Grizzlies preview: Memphis is sole bruising team in whiplash West

Jayne Kamin-Oncea-US PRESSWIRE

The Grizzlies appear healthier heading into the 2012-13 season. But do they have enough to crack the West elite, or are they to be relegated to the second tier?

There are the Memphis Grizzlies that beat the No. 1 Spurs in 2011, took the Thunder to seven deep games just two years ago, have one of the most talented and productive frontcourts in the game and landed the No. 4 seed last season despite Zach Randolph missing two-thirds of the season. There are also the Memphis Grizzlies that got beat by a Clippers team allergic to defense despite home court advantage last year and despite having Z-Bo back for about six weeks going in; a team that didn't do much (if anything) to improve from that status in the offseason.

Who are the Memphis Grizzlies?


The Grizzlies handled business primarily on defense last season, finishing No. 7 in the league and No. 1 in the Western Conference. Offense was a much tougher gig, and missing Z-Bo for so long surely mattered. Memphis was No. 19 in the league in offense, and No. 12 of 15 in the West. But Z-Bo wasn't too much of the equation, because he was healthy in 2010-11 and the numbers were similar: Memphis was near the top of the league in defense, and mid-pack on offense. So this is the Memphis Grizzlies: an Eastern-style team playing in the West. No wonder no one ever ever ever wants to face them in the playoffs.

One thing to note about the team's recent offensive history: in '10-11, Memphis missed Rudy Gay for a substantial stretch, and of course the Grizz were without Randolph for much of the '11-12 season. Those are Memphis' two best scorers. (Note that I said "scorers" and not "offensive players": Marc Gasol's impact on that end remains underrated.) Now that the team has lost O.J. Mayo and just missed out on acquiring Ray Allen, those two scorers become even more important. To keep up with a highly efficient West elite led by the Thunder, Lakers, Spurs and Clippers (with the Nuggets and Jazz not far behind), the Grizz are going to need to have spells where they score much more efficiently than middle of the pack.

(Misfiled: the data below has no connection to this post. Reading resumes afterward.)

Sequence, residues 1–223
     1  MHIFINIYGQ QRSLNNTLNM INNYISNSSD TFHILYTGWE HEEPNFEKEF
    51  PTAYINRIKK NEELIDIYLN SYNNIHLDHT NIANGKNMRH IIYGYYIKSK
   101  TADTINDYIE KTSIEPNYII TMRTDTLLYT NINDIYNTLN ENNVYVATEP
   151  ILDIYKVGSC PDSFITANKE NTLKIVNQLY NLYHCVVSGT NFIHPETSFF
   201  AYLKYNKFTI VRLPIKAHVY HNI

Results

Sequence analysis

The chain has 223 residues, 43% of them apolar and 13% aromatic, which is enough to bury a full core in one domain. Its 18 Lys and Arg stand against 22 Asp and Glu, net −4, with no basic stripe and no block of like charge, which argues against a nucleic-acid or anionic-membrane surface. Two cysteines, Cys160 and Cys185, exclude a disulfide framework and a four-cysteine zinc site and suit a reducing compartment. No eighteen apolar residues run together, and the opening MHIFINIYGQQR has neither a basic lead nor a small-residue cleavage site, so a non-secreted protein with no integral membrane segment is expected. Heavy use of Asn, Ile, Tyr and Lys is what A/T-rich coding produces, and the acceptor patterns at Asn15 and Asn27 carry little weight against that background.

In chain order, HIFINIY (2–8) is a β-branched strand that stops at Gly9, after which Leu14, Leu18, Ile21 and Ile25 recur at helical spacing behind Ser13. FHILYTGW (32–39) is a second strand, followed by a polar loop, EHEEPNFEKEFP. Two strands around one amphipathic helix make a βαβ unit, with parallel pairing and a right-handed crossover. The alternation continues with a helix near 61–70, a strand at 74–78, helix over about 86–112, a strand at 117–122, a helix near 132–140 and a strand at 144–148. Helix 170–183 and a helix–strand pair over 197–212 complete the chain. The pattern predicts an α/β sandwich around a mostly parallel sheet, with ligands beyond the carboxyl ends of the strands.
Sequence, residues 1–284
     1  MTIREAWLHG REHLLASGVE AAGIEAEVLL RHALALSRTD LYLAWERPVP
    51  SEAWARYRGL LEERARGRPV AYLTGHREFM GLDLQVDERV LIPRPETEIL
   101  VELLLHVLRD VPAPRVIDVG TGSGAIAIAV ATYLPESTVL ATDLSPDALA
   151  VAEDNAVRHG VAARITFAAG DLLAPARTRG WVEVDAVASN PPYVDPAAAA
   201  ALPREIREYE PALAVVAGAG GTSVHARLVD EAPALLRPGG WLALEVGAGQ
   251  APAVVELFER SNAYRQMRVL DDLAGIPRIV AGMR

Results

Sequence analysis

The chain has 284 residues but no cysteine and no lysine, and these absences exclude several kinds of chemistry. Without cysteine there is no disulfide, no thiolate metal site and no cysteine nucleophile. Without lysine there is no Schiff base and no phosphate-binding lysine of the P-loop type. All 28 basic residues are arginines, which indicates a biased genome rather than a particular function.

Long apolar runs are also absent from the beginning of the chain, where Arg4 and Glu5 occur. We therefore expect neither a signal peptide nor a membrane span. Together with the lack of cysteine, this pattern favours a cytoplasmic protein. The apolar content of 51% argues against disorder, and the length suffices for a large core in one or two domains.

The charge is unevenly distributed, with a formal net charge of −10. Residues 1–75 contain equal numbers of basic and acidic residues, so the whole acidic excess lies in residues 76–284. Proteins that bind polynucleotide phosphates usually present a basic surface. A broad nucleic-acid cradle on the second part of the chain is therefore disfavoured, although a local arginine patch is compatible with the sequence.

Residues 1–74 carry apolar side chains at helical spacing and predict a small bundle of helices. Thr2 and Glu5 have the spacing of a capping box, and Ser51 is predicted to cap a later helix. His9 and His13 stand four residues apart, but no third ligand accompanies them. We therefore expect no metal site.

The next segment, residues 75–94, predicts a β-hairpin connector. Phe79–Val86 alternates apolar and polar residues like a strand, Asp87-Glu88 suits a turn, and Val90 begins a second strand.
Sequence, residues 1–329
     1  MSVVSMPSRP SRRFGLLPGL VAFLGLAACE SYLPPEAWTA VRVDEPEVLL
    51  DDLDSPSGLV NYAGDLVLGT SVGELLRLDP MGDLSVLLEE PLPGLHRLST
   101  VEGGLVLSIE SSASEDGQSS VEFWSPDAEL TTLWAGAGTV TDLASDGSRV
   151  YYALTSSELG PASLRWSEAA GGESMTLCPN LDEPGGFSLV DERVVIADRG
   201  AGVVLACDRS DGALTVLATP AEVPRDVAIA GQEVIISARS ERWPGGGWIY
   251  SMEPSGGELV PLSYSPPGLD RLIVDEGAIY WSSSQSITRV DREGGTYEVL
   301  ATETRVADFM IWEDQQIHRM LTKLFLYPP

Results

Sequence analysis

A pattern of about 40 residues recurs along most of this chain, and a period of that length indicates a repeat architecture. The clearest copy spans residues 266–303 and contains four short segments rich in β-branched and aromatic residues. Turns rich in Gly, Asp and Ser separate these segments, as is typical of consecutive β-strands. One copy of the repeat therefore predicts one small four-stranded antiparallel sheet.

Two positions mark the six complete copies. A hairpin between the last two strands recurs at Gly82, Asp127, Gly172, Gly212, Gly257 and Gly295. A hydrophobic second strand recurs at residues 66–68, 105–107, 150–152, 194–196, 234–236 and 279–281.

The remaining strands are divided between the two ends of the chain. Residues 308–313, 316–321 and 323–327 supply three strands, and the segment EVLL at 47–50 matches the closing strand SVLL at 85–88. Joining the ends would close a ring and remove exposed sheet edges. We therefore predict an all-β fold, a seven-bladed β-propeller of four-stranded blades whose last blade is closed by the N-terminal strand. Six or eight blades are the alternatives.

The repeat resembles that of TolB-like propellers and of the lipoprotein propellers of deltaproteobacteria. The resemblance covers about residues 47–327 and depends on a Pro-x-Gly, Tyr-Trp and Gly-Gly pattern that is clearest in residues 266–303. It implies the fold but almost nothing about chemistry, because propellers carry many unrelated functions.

An issue some teams have is that their best defenders are their worst offensive players. Tony Allen, Memphis' stopper, fits that definition. But Lionel Hollins has been able to find a balance that doesn't rely on Allen too much. In fact, at times you'll see Twitter imploring Hollins to re-insert Allen in the fourth quarter of a tight game. But the coach grasps the trade-off, and unlike many other coaches, is OK sacrificing some measure of defense -- and trust me, [Mayo - Allen] is a big ol' sacrifice defensively -- for a boost to the team's average offense. Hollins understands his team and its needs.


Keep in mind that Memphis is one of two teams (with the Jazz) that has essentially abandoned the three-point revolution. Utah, however, is a highly efficient offensive team, thanks to a dearth of turnovers and power moves galore by Al Jefferson and Paul Millsap (which lead to high two-point conversion). Memphis' offensive calling card is offensive rebounding, but that doesn't come close to making up for overall efficiency issues. The fact that the Grizzlies don't convert two-pointers at a particularly high rate is a problem.

The Grizzlies also remain light up front. Marreese Speights put together a nice season, and Darrell Arthur will in theory be back fairly soon. (Poor Darrell Arthur. He missed all of last season with a preseason injury, then broke his leg days before training camp this year.) But that's about it in terms of players Hollins will actually trust. We know Memphis can survive being short-handed, with '11-12 as our witness. But it's not optimal, and could be a problem against these big rivals in the postseason. Consider how deep the frontcourt of Denver, Utah and of course the Lakers are.


It will be miraculous if ...

There isn't a storyline that could totally be based on Zach Randolph on this season of Boardwalk Empire.

Tony Allen renounces the spontaneous exclamation mark.

O.J. Mayo doesn't try to score 40 on Tony Allen this season.

Tony Allen doesn't stop O.J. Mayo from scoring 10 this season.

Hamed Haddadi doesn't skip the visit with President Mitt Romney when the Grizzlies win the championship.

The Memphis Grizzlies aren't a part of an intricate WWE storyline.

Mike Conley doesn't try to dead lift Marreese Speights during a huddle.


Let's get sincere.

Team MVP: Zach Randolph

Team X-Factor: Zach Randolph

Team Finish: 2nd in Southwest | 6th in West

Best Championship Hopes: Zach Randolph


The Hook is a daily NBA column by Tom Ziller. See the archives.

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